Student Contributors Danny Addice, C.A. Andrew Beachman, C.A. Rebecca Bradshaw, P.A.

Han Dynasty

Eric Coberly, C.A.

3711 Market Street

Jocelyn Gluck, P.A.

Lil Pop Shop

Brian Salley, C.A.

265 S 44th Street



Metropolitan Bakery & Café – 4013 Walnut St.215‐222‐1492



Pod ‐ 3636 Sansom St. 215‐387‐1803

13 Sang Kee Noodle House– 3549 Chestnut St. 215‐387‐8808


Cavanaugh’s‐ 119 S. 39th Street– 215‐386‐4889



Pizza Rustica Restaurant & Bar 3602 Chestnut St.‐215‐895‐3490


Qdoba‐ 230 S. 40th St. 215‐222‐2887


Green Line Café ‐ 4239 Baltimore Ave. 215‐222‐3431


Lee’s Hoagie House‐ 4043 Walnut St. 215‐387‐0905


Café Aroma– 3701 Chestnut St. 215‐895‐6551

19 Lovers + Madmen– 28 S. 40th St. 215‐243‐9851


Bobby’s Burger Place– 3925 Walnut St. 215‐387‐0378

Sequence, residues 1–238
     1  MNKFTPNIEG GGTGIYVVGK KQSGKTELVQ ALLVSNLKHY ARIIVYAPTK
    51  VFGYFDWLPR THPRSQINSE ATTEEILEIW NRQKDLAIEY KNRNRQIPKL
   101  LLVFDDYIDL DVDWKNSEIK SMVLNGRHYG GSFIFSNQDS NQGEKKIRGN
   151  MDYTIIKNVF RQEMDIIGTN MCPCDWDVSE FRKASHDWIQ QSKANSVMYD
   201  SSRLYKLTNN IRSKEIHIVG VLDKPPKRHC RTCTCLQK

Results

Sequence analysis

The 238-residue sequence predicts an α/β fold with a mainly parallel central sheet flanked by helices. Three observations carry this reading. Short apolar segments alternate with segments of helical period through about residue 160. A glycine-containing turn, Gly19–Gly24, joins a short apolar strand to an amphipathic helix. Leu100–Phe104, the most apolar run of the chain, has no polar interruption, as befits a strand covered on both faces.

20 Chipotle– 3925 Walnut St. 215‐222‐0632


Tampopo– 269 S. 44th St. 215‐386‐3866

21 Mood Café – 4618 Baltimore Ave. 215‐222‐1037

11 Cedar Park Café – 4914 Baltimore Ave. 215‐727‐1144

Harvest Seasonal Grill– 40th & Walnut *Coming soon

Doc Magrogan’s Oyster House– 3420 Sansom St. *Coming soon

15 Penne Restaurant & Wine Bar– 3611 Walnut St. 215‐823‐6222 16

Hummus– 3931 Walnut St. 215‐222‐5300

17 Brysi Café – 233 S. 33rd St. 215‐573‐7918 18 Abners Cheesesteaks– 3813 Chestnut St. 215‐662‐0100

22 Cleopatra Café – 4145 Chestnut St. 215‐382‐2250


October 2012